Believe it or not, it happens. Being in a wrong place at a wrong time and making wrong decisions could play a big role in your life. Such circumstances might lead to being locked down in jail for a long period of time or a highly publicized trial that can and will have an impact in your reputation as an individual. In short, getting charged with a criminal offence is not and will never be easy. But what happens when you get criminal charges?
What are the laws and order of things? There're two categories of criminal offences that you should be aware of: summary (less serious) and indictable (very serious) offences. The less serious or summary offences include drunk driving, property damage, and minor assaults. On the other hand, indictable offences include drug trafficking, indecent acts, manslaughter and murder.
Criminal law dictates that an investigation will take place and depending on the outcome, you may be formally charged. When you are charged with a criminal summary offence, your case will be heard in the Magistrates' Court and will begin with the mention hearing. If you plead "guilty" during the mention hearing, the sentencing is almost always done on the same day. If you plead "not guilty," the matter will move on to the contest mention, which is the preliminary hearing and then progress to the contested hearing, which is when both parties present their case.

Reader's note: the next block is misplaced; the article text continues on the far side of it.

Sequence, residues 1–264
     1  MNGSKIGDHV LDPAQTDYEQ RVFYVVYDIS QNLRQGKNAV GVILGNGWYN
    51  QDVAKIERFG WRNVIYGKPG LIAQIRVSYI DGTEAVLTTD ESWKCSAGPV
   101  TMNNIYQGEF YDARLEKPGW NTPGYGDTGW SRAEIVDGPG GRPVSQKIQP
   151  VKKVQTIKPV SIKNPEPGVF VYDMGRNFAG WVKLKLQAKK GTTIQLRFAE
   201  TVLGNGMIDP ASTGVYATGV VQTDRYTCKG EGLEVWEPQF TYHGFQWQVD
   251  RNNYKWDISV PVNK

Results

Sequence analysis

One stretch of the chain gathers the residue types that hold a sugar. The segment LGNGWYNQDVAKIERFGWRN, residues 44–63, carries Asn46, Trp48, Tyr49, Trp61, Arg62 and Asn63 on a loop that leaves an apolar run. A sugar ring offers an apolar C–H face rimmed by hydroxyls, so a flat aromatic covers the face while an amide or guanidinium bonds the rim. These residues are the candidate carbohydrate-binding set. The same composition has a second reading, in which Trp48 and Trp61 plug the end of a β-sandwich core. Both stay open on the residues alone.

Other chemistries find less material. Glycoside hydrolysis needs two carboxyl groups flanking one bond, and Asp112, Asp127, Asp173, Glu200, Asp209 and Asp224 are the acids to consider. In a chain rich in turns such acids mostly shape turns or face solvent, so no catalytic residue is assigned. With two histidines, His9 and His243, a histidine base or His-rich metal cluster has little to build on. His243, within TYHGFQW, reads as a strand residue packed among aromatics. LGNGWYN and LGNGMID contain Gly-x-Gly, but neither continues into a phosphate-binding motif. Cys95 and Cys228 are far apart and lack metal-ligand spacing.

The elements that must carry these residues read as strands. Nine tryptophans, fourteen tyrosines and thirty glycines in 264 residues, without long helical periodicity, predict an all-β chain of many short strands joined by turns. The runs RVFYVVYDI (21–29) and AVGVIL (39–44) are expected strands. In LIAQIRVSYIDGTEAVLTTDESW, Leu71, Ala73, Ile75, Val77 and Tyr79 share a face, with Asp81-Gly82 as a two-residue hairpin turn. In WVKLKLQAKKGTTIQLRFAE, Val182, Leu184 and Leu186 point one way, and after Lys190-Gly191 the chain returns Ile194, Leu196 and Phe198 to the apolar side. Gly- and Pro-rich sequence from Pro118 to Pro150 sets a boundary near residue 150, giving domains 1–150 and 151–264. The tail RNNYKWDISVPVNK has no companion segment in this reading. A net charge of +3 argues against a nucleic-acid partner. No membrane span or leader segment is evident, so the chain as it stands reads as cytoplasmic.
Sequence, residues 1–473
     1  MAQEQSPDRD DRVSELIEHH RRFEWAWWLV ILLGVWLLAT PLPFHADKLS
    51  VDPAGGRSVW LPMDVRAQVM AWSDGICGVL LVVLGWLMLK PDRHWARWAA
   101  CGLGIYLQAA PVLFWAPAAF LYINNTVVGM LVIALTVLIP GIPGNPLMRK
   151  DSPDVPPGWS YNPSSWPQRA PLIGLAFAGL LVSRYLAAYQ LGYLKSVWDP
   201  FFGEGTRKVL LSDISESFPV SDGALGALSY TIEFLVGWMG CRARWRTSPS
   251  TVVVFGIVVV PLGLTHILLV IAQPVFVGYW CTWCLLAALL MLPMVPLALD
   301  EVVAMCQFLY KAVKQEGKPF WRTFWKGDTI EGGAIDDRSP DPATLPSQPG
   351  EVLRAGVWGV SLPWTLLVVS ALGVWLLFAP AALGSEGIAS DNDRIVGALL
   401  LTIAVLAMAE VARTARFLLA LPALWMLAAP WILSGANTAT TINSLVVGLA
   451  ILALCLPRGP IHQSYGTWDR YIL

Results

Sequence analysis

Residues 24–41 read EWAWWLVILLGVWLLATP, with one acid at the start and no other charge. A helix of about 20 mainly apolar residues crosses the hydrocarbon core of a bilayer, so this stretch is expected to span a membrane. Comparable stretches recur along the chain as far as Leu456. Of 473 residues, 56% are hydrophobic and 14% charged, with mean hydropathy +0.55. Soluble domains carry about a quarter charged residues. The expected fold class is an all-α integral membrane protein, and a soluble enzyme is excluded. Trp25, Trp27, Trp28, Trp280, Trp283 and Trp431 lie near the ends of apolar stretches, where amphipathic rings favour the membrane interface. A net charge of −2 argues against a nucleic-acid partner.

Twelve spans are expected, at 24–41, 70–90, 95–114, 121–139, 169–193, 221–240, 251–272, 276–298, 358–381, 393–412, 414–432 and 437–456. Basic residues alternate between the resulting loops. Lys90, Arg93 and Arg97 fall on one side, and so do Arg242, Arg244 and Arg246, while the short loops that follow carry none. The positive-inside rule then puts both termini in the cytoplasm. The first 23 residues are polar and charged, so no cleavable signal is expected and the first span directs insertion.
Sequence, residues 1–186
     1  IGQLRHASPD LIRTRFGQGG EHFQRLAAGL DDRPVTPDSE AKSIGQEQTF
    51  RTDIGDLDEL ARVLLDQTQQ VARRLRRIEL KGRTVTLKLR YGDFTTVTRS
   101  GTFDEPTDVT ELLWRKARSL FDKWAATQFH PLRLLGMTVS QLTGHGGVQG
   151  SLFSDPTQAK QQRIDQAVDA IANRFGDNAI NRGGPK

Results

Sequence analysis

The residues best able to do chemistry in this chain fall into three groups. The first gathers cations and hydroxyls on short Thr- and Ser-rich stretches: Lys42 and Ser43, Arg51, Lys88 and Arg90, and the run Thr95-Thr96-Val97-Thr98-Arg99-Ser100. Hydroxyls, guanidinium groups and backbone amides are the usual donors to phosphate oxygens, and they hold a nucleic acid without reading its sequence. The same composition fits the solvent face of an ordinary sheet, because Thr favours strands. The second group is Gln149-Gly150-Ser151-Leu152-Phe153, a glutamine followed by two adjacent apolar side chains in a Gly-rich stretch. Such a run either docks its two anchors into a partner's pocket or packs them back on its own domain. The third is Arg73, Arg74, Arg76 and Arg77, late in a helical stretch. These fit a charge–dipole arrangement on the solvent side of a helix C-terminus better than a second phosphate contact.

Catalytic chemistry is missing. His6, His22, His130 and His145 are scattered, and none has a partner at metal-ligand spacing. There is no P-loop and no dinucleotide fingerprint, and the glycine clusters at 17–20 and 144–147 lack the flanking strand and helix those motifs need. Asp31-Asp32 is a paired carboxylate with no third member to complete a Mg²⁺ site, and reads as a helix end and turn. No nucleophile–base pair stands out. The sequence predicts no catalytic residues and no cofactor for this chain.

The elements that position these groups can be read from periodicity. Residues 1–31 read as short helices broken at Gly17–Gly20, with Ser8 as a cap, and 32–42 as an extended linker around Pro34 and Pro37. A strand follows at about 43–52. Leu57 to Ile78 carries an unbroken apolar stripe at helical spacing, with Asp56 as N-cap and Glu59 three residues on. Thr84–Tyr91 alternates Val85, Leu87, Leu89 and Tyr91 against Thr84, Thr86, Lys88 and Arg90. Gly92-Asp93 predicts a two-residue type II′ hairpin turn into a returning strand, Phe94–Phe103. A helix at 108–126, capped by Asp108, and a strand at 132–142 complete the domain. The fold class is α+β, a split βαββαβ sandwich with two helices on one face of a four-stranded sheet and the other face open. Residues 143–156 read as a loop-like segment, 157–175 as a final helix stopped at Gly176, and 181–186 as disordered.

Relatedly, indictable charges are usually heard before a judge and jury in the country courts. Indictable charges begin with the committal mention wherein a date for the committal hearing and the required witness is determined. After that, the committal will decide if the presented evidence is sufficient enough for a trial. If, however, the prosecutor fails to present ample evidence, the case will be dismissed.
Get Legal Representation - For any offence, even for summary charges, you should always have proper legal support. Those who cannot afford their own solicitors may be given legal aid, which is free. However, whenever possible a top law firm that specialises in handling criminal offences would be a better option. As you may know, many public defenders may be overloaded with cases and you may not be able to get the dedicated attention your specific case needs. A private criminal lawyer would have more resources to manage your case, and hopefully secure a favourable verdict.
Your legal supporter should also be with you all throughout the proceedings. He or she should also be able to explain each and every detail of the case, especially each step that you have to endure. He or she should also be realistic enough and prepare you for whatever chances you have and for what might happen during your case.
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Article Added on Saturday, June 7, 2014
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